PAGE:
Introduction: Literary Works

On July 27, 1995, on the occasion of "Ceremony in Praise and Recognition of the Venerable Master's Kindness" Dharma Master Heng Sure gave a talk about the Venerable Master, from a perspective few people would give much thought to -- literary works. An excerpt of the talk follows:

Many people have sat here in the last few days, and will continue to do so, talking about their memories of their teacher, talking about the Master's contributions to education, to translation and Sutra lecturing, propagating the Dharma, creating the Sangha, making Way-places, and so on. Everyone has said what was on their heart, and we have many more to hear later today. But I wanted to share something that I think is rare.

Probably not many people today, if they were asked what was the Venerable Master's outstanding feature, would say, "The Master was a poet without peer. He was a literati, a writer, an editor, a social commentator, and a historian without peer." And yet the Venerable Master wrote an eight-line verse for every line of the Great Compassion Mantra and every line of the Shurangama Mantra. He wrote the Verses without a Stand for the Heart Sutra. He wrote verses for the Patriarchs, adding to Elder Master Hsu Yun's Lives of the Patriarchs. He wrote not only verses but excellent rhymed essays. He was a master of prose and verse. The Master's scattered writings, occasional verses, and songs number in the hundreds. One of the things about the Master that has touched me the most is his contribution to literature, in the form of songs, essays, and poetry.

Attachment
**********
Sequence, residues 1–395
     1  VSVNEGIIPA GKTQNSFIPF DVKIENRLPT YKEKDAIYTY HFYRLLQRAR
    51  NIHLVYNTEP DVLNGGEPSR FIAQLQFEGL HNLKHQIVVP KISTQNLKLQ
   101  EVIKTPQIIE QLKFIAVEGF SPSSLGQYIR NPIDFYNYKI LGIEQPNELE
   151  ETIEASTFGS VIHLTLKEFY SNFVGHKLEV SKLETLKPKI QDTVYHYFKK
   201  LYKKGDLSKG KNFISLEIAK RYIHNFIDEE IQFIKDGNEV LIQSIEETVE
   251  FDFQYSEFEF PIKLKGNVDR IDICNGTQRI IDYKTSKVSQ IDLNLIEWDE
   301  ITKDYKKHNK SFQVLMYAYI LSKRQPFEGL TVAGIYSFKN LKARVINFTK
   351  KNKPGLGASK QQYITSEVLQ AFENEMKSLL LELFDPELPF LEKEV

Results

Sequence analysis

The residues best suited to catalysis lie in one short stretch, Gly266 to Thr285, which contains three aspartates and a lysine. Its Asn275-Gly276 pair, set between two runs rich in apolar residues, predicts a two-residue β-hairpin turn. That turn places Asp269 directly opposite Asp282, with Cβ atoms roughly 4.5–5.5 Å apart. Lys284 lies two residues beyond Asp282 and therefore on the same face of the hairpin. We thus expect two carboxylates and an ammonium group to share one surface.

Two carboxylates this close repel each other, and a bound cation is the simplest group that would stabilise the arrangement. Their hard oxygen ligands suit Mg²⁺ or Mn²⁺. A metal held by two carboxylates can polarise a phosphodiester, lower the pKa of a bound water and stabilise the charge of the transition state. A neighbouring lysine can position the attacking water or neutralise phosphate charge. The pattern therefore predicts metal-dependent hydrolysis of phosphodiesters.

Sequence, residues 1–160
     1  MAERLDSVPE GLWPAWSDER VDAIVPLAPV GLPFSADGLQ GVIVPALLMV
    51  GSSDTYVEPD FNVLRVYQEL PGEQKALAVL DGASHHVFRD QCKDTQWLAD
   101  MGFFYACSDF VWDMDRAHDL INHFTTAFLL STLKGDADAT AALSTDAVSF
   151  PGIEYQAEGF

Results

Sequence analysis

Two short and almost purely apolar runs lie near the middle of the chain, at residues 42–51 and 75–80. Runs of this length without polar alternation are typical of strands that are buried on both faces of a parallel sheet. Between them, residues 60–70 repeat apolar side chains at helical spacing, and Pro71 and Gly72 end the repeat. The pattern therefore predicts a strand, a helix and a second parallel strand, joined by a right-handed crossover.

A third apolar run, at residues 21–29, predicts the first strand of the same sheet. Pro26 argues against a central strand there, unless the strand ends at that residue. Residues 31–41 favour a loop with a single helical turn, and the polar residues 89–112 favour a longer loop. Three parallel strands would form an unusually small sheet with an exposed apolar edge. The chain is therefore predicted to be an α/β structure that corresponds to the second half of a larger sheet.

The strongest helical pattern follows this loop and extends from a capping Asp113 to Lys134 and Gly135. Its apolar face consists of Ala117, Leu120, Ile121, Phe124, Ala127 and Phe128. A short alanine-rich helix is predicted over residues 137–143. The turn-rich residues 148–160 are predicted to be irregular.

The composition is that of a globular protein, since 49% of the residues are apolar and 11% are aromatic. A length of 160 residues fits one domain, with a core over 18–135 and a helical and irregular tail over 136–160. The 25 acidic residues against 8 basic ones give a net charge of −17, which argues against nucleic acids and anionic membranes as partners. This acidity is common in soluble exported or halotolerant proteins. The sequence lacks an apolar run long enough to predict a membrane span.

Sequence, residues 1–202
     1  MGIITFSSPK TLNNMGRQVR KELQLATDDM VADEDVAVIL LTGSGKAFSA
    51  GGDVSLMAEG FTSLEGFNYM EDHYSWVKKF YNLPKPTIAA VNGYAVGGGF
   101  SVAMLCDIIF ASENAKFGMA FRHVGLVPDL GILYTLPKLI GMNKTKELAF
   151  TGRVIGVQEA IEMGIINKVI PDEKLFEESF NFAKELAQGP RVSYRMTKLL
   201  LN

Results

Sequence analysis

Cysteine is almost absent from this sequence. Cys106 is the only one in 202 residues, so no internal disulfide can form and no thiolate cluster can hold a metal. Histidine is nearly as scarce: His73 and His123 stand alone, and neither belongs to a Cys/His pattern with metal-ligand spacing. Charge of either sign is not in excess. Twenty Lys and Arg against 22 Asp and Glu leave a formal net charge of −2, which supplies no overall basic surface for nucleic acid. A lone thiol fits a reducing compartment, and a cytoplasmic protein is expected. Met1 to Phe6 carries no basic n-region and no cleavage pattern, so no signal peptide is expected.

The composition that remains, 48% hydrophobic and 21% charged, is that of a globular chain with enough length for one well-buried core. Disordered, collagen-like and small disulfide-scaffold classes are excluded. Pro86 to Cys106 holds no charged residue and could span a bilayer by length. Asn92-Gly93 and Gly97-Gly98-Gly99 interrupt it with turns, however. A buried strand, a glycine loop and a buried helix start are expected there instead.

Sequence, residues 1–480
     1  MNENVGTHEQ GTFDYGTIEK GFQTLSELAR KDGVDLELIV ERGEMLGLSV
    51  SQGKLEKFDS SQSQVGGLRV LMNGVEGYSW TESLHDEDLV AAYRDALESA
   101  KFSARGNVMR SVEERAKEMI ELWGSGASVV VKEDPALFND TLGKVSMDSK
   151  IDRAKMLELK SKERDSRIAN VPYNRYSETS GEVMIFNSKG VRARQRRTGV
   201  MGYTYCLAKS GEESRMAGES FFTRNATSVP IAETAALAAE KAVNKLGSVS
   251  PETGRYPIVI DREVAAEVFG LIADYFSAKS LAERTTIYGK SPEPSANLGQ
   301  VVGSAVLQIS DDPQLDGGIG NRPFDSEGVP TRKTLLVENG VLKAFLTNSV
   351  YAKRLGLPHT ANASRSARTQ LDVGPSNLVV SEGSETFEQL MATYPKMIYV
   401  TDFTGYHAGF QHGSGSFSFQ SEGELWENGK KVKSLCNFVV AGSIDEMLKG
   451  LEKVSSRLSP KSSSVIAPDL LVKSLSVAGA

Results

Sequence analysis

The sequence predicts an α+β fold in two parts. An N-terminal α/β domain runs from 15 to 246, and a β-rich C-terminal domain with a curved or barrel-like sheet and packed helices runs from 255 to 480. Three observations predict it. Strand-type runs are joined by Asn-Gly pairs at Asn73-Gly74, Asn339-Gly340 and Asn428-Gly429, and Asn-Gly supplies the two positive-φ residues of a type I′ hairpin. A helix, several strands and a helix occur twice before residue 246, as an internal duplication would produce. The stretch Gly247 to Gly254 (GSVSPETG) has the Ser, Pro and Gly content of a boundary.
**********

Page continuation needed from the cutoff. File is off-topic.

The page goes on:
The Master would teach a matching couplets class, in which he would put the first line on the board regarding a state or a situation or a disciple's habits, and invite everyone else to come up and add the second line. It was amazing how just the few Chinese characters of your couplet line could reveal your character, your nature, your shortcomings, your literary skill, your education... He even had children who were not able to speak Chinese come up and put matching couplets on the board that were surprisingly sophisticated in form and refreshingly pure and straight in content. It was a wonderful experience to have the Master teach couplets. It's probably the first time in any American Way-place that a Buddhist teacher has done this (and maybe the first time in Chinese Buddhist history for a long time). So this is just to point to one aspect of our teacher that I think needs to be remembered.